I can tell you honestly, the food that we've tasted with my really fun group of peers, friends, and culinary experts that were co-judges with me is spectacular. I really want people to see the quality of the food and the flavor profiles, and every element of their technique. There's so much going on and it's so beautiful for me to see how far Latin food has grown from being cooked at home to a professional setting, and how it's being appreciated and revered. It's really beautiful.

Stories from the El Sabor de Aarón set

Can you say what was one of the best things you ate when you were on set?

Oh, I don't want to do that necessarily, but I can tell you though, we tasted food from Venezuela, plantains being smashed and fried to order. We had unbelievable ceviches that were made with love and inspiration. Yeah, we tasted some really cool stuff. I thought we did a great job of not just being all Mexican. We shot in LA and that's the obvious thing, but we did a really good job of capturing all of this world of Latin culture. We've got to get better, like anything else. There's always room for improvement, and we're definitely striving for that in Season 2.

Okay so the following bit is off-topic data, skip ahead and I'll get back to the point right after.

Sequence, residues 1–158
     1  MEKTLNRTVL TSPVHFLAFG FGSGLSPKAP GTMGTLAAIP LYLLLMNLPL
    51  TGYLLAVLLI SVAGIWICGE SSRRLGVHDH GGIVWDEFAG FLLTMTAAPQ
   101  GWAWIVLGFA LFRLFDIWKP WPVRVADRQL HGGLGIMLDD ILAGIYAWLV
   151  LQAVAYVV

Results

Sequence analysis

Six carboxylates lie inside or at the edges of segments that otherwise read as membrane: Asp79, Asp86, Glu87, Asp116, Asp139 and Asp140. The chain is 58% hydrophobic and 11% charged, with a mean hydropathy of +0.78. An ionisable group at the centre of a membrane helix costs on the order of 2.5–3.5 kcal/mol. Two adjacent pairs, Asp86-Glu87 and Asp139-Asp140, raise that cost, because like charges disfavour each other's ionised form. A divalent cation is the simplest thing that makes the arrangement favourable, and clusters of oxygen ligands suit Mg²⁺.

You've been the judge on a lot of more combative cooking competition shows, like "Chopped" and "MasterChef." How is "El Sabor de Aarón" different?

A lot. I'll give you an example with "Chopped," because you brought it up, but "Chopped" is different in the sense that we have a very brief time with them. It's hard to mentor or to teach in that small abbreviated period. On "El Sabor de Aarón," we have them for a long day. On off time, we're talking about food, they're in the back, going to the market. I'm teaching them things off camera that I've learned that can help them, because again, it's not one of these situations where it's like, we're vying for this amount of money or anything. It's about recognition. It's about celebration of food and culture. It's totally appropriate for me to sit there and teach them a couple of little techniques, then may the best woman or man win kind of thing.